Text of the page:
This is not some sort of ultra-advanced technology (brought to us by aliens). It is an advancement in transportation.

Once people understand that it will get them to work in the morning—while providing advantages (like not having to go to a gas station unless snacks are desired)—then there will be more EVs purchased.

Simple as that.

Even a five-year old could understand that.

Lyten Is Building a Better Battery

That’s the goal of on-going work in San Jose. It is using lithium sulfur and a 3D grapheme that it has developed.

By Gary S. Vasilash

One of the more interesting aspects of the on-going transition to electric vehicles (EVs) is that there are all manner of companies that are pursuing the technology, not only companies like Foxconn, more ordinarily associated with making things like iPhones rather than EVs, but a growing number of companies whose names are new, typically companies based in Silicon Valley who are busy developing things ranging from control software to batteries.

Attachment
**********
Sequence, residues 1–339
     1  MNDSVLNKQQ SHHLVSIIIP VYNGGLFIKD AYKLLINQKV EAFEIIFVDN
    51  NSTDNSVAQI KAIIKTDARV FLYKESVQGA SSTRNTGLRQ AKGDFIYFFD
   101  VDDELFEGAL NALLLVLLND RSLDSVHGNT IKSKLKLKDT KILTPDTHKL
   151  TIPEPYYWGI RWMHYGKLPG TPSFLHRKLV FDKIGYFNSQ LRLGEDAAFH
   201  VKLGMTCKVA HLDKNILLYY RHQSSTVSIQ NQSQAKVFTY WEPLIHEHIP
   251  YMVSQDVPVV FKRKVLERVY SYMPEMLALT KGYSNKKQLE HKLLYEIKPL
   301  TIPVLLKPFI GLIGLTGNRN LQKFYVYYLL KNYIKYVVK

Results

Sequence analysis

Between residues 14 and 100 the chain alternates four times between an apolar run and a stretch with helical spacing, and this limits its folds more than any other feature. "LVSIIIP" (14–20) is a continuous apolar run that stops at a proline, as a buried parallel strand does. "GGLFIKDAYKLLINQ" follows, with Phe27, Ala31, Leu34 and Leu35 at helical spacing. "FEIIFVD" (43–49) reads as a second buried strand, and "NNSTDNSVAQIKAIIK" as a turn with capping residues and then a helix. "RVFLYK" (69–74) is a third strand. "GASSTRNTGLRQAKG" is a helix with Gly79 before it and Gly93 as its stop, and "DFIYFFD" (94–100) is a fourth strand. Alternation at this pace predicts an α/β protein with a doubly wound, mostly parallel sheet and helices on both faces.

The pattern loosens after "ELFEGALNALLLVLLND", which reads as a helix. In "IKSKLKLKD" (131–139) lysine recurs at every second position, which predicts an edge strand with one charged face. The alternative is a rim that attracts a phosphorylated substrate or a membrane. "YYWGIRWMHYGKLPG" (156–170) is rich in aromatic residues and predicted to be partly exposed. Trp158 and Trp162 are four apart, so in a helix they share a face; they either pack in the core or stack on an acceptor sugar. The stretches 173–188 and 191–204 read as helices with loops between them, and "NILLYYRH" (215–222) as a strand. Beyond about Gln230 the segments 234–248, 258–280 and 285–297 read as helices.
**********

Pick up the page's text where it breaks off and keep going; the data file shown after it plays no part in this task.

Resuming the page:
One such company is Lyten, which is based in San Jose, not exactly a place associated with motor vehicles (although the Tesla plant in Fremont is close, and there used to be a Ford assembly plant in San Jose, although it closed in 1983 and eventually became a shopping mall).

One of the cofounders of Lyten is Dan Cook, currently the company’s CEO. Cook began his career working at GM but has spent the better part of it in the tech space in northern California.

As he describes his professional point of view, “I’m half auto, half tech.”

Which is a good thing for someone who is working for a company that is undoubtedly hoping to become a supplier to a vehicle manufacturer.

Lyten is developing batteries.